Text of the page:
Sunday, December 4, 2011

Summarizing the Current Situation in Europe – Dithering and Withering

Maybe a Few Less Meetings and a Few More Actions - Would that be Okay?

Watching Europe stumble through its current crisis is like watching the beginning of a massive train wreck in very slow motion.  It is fascinating, horrifying, and there is nothing one can do but watch and hope, and hope is just about ready to leave the room.  The news is beginning to take on the aura of farce, as this report in the New York Times illustrates.

Invoking platitudes and blabber at a level thought only attainable by U. S. politicians, Angela Merkel, Chancellor of Germany said

“The future of the euro is inseparable from European unity. The journey before us is long and will be anything but easy,” she said. “But I am convinced that we are on the right path. It is the right path to take to reach our common goal: a strong Germany in a strong European Union that will benefit the people in Germany, in Europe.”

and invoked the evolution of policy in Europe to a marathon.  She may not be aware of the fact that the first man to run a marathon in ancient Greece ran the race, delivered his news and fell dead.

And here was a not reassuring comment.

Germany, she said, did not wish to dominate Europe. “That is far-fetched,” she said.

France’s President Sarkozy is not very optimistic

The European Union needs “an overhaul,” Mr. Sarkozy said, to remain relevant and competitive, but he was vague about the details of what needs to be done.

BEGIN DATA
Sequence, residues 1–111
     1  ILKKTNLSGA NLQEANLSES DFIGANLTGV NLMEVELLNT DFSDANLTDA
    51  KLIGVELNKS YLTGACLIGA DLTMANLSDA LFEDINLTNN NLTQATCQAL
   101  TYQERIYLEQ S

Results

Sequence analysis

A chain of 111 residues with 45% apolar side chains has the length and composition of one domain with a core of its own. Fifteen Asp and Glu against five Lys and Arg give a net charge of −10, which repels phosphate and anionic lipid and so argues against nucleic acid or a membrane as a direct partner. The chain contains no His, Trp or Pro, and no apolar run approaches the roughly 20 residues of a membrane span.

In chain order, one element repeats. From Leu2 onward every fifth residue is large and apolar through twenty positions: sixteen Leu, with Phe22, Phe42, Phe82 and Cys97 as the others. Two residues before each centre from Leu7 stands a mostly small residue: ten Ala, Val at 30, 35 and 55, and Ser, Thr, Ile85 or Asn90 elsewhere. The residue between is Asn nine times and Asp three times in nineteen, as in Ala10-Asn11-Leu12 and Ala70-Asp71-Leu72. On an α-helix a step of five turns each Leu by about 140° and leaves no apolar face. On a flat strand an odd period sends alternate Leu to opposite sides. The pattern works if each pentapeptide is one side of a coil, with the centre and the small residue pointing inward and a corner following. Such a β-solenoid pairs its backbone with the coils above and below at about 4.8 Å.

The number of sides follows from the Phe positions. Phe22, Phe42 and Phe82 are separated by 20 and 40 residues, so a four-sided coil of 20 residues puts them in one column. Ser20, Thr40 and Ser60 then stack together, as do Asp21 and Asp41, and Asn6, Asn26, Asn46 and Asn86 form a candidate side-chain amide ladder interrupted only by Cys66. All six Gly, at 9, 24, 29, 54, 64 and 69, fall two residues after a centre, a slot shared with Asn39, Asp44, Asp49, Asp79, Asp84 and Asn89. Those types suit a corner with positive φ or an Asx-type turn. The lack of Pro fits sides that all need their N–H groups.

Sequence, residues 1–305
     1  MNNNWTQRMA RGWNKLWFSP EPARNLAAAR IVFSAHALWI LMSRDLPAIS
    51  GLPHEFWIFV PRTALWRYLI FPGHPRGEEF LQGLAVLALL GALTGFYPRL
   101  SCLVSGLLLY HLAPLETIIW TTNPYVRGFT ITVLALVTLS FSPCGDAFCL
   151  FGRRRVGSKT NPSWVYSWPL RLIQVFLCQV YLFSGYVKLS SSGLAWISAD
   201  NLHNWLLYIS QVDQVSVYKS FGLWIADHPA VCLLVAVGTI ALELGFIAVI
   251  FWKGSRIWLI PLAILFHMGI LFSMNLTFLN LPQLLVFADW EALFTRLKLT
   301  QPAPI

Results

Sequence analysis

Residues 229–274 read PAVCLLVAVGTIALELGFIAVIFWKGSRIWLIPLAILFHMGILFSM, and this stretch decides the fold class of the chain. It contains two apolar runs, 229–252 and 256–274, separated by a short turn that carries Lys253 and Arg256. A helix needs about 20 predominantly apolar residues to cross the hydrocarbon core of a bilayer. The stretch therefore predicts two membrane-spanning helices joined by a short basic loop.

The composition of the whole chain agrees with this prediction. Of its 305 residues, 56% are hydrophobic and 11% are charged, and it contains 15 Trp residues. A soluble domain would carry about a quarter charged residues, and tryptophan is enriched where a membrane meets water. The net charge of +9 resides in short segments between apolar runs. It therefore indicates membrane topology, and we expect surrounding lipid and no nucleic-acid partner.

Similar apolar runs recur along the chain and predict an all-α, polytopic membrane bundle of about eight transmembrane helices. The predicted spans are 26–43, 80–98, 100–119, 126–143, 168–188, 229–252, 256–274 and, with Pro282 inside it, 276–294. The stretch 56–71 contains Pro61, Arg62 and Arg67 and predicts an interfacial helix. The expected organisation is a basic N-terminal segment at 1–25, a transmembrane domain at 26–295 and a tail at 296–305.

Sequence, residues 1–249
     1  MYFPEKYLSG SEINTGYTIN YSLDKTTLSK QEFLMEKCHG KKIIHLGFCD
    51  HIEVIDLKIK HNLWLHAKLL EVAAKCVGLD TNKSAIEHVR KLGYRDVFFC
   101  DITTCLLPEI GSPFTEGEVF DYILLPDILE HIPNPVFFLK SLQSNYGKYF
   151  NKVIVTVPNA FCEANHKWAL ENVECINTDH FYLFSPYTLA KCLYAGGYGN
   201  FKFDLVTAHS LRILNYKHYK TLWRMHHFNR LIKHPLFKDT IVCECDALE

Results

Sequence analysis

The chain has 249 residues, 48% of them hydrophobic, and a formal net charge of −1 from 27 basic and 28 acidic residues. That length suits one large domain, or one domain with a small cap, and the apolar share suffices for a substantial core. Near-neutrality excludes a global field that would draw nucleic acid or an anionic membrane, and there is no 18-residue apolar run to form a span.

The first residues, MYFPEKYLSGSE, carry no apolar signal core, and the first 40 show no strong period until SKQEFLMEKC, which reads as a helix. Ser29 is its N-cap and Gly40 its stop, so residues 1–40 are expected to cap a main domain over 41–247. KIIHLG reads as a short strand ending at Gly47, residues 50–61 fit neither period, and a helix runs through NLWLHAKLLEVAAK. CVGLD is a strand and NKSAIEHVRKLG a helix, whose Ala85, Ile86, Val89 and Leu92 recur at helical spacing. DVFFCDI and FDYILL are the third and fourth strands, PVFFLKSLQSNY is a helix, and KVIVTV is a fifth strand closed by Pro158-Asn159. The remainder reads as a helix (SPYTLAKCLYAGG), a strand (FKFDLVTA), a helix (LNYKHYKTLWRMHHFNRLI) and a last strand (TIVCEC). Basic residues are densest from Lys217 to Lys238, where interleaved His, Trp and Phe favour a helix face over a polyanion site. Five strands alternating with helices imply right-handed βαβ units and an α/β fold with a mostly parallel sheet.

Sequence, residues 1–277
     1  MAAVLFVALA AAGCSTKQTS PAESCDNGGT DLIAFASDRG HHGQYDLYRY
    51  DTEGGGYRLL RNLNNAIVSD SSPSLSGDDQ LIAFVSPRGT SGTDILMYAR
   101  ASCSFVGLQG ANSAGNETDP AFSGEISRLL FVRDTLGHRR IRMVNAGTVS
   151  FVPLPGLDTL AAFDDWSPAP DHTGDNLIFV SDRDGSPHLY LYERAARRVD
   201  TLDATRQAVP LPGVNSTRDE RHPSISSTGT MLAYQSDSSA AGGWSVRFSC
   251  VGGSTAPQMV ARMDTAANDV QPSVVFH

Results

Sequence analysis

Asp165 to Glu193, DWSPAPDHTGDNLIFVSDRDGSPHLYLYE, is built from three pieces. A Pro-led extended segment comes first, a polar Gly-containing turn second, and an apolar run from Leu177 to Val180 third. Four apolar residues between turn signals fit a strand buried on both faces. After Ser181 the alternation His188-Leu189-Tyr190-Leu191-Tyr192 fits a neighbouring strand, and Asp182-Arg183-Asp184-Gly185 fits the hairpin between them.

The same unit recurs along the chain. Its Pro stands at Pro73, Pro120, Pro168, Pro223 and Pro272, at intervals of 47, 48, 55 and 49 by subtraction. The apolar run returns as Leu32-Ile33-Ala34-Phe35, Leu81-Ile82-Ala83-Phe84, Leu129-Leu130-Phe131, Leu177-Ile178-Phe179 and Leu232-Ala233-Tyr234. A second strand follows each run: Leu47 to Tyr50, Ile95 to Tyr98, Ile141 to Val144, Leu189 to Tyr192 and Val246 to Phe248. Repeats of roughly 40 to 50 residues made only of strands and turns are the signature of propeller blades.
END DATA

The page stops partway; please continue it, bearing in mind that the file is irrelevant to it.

“If Europe does not change quickly enough, global history will be written without Europe,” he said. “Europe needs more solidarity, and that means more discipline.”

while Britain decided to leave Europe to its own devices

We need the euro zone to resolve their crisis. We need the countries of the euro to stand behind their currency,” George Osborne, Britain’s chancellor of the Exchequer, said shortly before Mr. Cameron traveled to Paris. “We do need the countries of the euro to work more closely together to sort out their problems.”

Britain doesn’t want to be a part of that integration — we’ve got our own national interests — but it is in our economic interest that they do sort themselves out. The biggest boost that could happen to the British economy this autumn would be a resolution of the euro crisis,” Mr. Osborne said.

which when you get past the smugness (every day for 15 minutes Britains get to smirk about not joining the Euro) is British-speak for “even though Britain needs a strong European economy we’re going to focus only on ourselves, but fix it you guys because otherwise we in Britain will not do well.”  Not exactly Churchillian is it.

One thing the Europeans do well is have meetings.  Meetings after meetings. 

Mr. Cameron’s discussions in Paris came in advance of talks between Mr. Sarkozy and Mrs. Merkel on Monday to be followed by a summit of European leaders in a week’s time.

and as those of us who are refugees from the real world of both business and academia know only too well, the best but very rare outcome of a meeting is that the problem is not made worse.

And in conclusion

On Friday, Mrs. Merkel again appealed for a strengthening of fiscal cooperation across the euro zone in what she called a “union of stability” able to enforce controls on individual European economies.

which only makes one want to go back and re-read the part about how Germany doesn’t want to dominate Europe.  Really, what in the recent past history of the continent could possibly make anyone think that in the first place?

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